I really only have a couple responses to your well thought our response to this article and to my blog in general. You are correct, my primary focus is the exposure of the heresies of the Oneness Pentecostal church, but more importantly to contrast it with what Scripture and Christianity is actually supposed to be about. My target audience therefore is any who are either from, or looking into this type of a system. I cannot enumerate the number of people who have written me to say either, “you gave me the courage to leave…”, or, “This was a confirmation of what I have been thinking/feeling/studying myself.” My target audience is not entirely Christendom as a whole, and perhaps I can find a better way of making that clear. Thank you for that insight!
I do not believe you meant it in this fashion, but the number of times I have heard, “Don’t throw the baby out with the bathwater” is staggering. I believe any group that verges into the realm of being a cult must then have its entire doctrine-set under the scope, especially eschatology. Of course, I heard some general terms, such as “Jesus Loves You”, and that encompasses the mindset of all Christianity. But when examining ‘doctrine’ that is produced by the flaw of Oneness Pentecostalism, nothing good comes from it, and no sick tree bears good fruit.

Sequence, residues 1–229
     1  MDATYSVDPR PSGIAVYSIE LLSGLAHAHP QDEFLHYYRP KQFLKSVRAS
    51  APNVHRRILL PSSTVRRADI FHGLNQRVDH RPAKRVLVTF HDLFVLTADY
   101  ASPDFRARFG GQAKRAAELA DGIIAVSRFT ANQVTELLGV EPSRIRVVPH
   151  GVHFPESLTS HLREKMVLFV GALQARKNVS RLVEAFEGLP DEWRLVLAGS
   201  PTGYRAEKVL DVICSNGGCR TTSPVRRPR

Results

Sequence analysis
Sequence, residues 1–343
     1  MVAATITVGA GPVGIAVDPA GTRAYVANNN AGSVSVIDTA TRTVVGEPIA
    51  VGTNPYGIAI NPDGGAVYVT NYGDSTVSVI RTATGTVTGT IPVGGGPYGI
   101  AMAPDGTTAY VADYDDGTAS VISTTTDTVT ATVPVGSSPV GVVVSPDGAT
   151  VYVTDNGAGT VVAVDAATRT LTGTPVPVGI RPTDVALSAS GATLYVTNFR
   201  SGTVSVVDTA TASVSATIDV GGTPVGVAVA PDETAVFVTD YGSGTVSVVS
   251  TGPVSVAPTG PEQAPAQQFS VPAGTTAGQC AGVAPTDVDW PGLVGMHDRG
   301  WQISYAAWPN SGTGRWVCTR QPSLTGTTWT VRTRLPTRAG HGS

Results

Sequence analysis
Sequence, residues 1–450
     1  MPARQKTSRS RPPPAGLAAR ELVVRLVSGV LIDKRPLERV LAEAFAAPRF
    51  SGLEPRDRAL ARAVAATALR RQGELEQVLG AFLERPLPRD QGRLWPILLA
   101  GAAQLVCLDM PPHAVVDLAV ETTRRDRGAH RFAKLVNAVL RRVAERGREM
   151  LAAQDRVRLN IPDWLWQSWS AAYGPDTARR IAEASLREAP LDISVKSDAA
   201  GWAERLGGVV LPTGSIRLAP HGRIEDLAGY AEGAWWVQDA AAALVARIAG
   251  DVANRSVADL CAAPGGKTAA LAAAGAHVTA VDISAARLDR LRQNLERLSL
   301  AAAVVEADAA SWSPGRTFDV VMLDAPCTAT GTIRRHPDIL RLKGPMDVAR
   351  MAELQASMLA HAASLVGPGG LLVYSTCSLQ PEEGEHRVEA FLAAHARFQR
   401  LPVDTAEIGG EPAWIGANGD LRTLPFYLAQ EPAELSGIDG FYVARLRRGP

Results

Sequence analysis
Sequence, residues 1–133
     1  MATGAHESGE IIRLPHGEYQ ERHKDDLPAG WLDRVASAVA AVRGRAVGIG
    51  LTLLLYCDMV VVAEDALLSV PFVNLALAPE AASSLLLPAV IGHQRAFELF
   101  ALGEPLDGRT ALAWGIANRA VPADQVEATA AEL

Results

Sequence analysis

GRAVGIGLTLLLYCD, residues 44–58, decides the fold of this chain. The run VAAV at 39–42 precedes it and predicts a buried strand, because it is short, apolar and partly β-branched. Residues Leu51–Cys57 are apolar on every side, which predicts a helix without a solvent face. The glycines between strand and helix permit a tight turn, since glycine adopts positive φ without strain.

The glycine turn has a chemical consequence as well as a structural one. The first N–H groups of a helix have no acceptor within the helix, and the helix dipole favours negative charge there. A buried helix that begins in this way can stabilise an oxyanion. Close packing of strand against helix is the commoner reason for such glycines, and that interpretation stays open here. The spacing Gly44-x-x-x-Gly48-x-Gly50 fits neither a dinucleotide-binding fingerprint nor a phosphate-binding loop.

Finally, you are so correct that Holiness, if viewed as an act of sanctification, most definitely comes from an inward change, which I expressed multiple times in this article, and that it WILL indeed spill out in to our behavior, even our dress. There is no denying that.
However, when we create doctrines around those things, that is to say, “If you REALLY had the Spirit of God, you wouldn’t wear that tank top.”, you have moved in to legalism, and, ironically, legalism can also be inverse. I have seen people (Unitarian/Universalists) create a legalism out of their freedom. I certainly did not want to intimate the idea that there is NOTHING for a Christian to do in the acting out of their faith and most certainly, we know is is truth, submitting to God, His Spirit and His Word will most definitely bring a change to the soul of a person which must obviously be exemplified by the fruits of their lifestyle.
Yet, I am constantly reminding myself of Romans 14, and specifically, Romans 14:22, that says,
“The faith which you have [that gives you freedom of choice], have as your own conviction before God [just keep it between yourself and God, seeking His will]. Happy is he who has no reason to condemn himself for what he approves.”
I mark myself as a pharisee if I peruse town, looking at my fellow citizens and saying in my mind/heart, “Her shorts are a little small and tight, she must not be a Christian.” Would maybe eventually God lead her to not wearing that type of clothing? Perhaps, but that should not be at the pressure of my mentality, mindset or eyes. That is between her and the Spirit and for the anointing of the spirit to dictate.